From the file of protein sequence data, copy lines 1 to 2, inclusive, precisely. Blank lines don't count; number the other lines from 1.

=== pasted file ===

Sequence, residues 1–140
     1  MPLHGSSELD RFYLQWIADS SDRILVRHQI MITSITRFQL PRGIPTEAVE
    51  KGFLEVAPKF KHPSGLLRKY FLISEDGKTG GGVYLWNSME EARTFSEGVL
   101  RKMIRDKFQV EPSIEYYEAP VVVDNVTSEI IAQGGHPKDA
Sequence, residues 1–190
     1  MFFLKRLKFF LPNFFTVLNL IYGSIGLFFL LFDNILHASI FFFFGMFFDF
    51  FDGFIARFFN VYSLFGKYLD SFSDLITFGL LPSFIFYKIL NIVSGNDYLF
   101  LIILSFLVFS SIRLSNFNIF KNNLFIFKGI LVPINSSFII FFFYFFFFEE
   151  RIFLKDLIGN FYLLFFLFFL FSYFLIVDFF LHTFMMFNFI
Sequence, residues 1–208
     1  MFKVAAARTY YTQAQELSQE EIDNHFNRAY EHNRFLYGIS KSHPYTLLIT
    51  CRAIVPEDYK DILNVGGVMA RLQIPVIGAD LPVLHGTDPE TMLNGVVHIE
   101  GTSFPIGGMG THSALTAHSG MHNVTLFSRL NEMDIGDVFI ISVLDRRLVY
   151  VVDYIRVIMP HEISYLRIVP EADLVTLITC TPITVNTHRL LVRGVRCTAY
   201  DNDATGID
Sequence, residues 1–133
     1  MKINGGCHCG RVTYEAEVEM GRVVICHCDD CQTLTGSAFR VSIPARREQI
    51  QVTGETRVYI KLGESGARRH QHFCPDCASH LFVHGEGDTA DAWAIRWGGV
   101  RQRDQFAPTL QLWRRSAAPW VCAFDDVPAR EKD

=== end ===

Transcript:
Sequence, residues 1–140
     1  MPLHGSSELD RFYLQWIADS SDRILVRHQI MITSITRFQL PRGIPTEAVE